Chevy's 2011 Aveo platform gets the 'hot hatch' tuner treatment
By Loz Blain
January 13, 2010
The effects of 2008's petrol crisis are showing no signs of abating at this year's Detroit NAIAS - small cars, electrics and hybrids are the big stars of 2010 in Motor City. And Chevy is looking to capitalise, with a new muscled-up 'hot hatch' concept based on a revitalised update to its lukewarm Aveo platform. The 138-horsepower, 1.4 litre Aveo RS is Chevrolet's tricked-out take on what the tuner community should be able to do when the new, improved Aveo platform launches in 2011 - and Chevy's hoping this funky show car helps turn around the current Aveo's reputation as a rebadged Korean econobox.
The current Chevy Aveo is not the sort of car that gets the kiddies' blood pumping, or gives aftermarket tuners any ideas - to put it kindly, it's at best functional, and at worst, a bit dodgy in the quality department. But Chevy's presentation at Detroit yesterday made it clear that the upcoming 2011 Aveo is going to be a much more interesting beast indeed.
Wider, longer, sportier and more powerful, the new Aveo will be pitched at the same audience that get off on the Honda Fit and Toyota Yaris - still small and economical cars, but with a bit of style and go to them. And part of breaking into that segment, in Chevy's eyes, is getting the East and West coast tuner scenes to start seeing the Aveo as a platform for Euro-style hot hatch builds.
Hence the Aveo RS; it's Chevy's take on what a tuned-up 2011 Aveo might look like, and it's quite a nice looking animal. Its new wider, slightly longer wheelbase couples with 19-inch wheels to give it a muscular bulldog stance. Exposed headlamps and a fat dual-chamber Chevy grille are the most striking elements of the frontal aspect - and the rear is even sweeter with its integrated spoiler, exposed tail-lights and center-mounted dual exhaust.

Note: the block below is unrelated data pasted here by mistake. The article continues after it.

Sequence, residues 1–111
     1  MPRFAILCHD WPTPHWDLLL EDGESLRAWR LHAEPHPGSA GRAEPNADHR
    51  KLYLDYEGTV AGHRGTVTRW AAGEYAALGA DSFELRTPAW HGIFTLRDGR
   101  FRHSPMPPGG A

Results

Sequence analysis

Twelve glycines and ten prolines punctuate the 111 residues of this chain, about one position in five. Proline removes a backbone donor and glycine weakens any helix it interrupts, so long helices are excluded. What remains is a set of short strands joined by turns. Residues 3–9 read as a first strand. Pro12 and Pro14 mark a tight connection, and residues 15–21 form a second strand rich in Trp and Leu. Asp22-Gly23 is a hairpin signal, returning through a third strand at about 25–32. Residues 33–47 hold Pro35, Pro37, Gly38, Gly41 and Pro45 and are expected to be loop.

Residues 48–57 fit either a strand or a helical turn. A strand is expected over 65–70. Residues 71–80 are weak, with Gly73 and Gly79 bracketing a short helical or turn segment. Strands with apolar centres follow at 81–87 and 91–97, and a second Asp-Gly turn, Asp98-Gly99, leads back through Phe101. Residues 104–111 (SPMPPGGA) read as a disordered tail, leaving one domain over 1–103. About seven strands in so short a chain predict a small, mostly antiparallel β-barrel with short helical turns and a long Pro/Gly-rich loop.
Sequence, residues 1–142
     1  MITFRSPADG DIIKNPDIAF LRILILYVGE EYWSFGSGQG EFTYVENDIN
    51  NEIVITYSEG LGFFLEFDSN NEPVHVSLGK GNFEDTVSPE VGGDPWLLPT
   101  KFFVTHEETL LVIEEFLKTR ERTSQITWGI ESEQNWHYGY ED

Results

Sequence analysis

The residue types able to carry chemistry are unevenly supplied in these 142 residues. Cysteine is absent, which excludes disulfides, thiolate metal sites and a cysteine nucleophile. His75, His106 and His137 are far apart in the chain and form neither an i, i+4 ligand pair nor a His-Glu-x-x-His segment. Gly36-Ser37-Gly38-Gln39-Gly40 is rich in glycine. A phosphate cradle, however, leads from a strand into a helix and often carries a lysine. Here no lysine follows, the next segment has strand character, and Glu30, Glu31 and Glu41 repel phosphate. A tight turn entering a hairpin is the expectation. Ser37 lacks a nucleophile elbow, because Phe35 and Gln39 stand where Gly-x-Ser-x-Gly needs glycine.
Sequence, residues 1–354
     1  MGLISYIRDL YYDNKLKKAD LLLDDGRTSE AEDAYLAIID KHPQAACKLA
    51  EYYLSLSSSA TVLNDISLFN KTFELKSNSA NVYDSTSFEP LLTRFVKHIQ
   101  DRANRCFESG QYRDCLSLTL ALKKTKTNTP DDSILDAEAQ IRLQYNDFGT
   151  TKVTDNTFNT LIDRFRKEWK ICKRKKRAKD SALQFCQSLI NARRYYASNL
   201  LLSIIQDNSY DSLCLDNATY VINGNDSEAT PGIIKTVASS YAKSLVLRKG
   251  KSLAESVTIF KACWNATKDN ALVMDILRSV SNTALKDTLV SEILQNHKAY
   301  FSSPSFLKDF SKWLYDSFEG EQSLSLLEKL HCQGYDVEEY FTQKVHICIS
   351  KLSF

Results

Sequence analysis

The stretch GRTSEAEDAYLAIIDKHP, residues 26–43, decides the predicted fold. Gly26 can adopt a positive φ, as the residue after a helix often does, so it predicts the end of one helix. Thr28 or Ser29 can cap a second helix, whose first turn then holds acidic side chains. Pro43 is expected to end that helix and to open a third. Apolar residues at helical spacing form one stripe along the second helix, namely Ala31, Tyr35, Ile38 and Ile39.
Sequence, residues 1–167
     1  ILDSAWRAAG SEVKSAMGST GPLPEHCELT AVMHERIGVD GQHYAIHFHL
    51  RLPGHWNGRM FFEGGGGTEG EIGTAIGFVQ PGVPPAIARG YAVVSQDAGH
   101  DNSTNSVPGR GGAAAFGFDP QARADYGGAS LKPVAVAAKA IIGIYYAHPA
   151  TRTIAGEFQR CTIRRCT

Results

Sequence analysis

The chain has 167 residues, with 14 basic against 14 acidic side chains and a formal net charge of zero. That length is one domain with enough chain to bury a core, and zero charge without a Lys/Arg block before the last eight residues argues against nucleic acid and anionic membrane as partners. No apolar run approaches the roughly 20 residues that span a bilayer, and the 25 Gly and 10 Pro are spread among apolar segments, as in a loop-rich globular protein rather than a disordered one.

The exposed lamps and brightly coloured brake calipers aren't the only design cues Chevy has taken from the motorcycle world - the digital dash looks unashamedly like it bolted straight in off a Gixxer or R1. The whole look and feel of the thing is very tidy and sharp, with a distinct performance edge. There's plenty more detail to enjoy in the photo gallery.
Speaking of performance, the Aveo RS would get about with reasonable lightness of foot given its 1.4-liter four cylinder turbo engine, which makes 138 horses and 148 foot-pounds of torque. It's good enough for the larger Cruze, so will provide a fairly snappy drive in the Aveo, you'd expect.
The redesigned Aveo is part of a general shake-up of Chevy's small-car range. The Volt will be the top-end early adopter electric, the Spark will take over the Aveo's role as the budget entry level car, the Aveo will move into a midrange spot and the Cruze will be more of a medium-sized car than a compact.
There will certainly be room for Chevy to offer the hotted-up RS as a kind of premium compact if it decides to take this concept through to production. Being as how the platform's well and truly on the way and there's nothing too outrageous bolted on to the RS show car, it's a distinct possibility that we'll see the RS in showrooms sometime down the track. That's certainly how the designers we spoke to feel as well. So no promises, but you might well be looking at a future production car.
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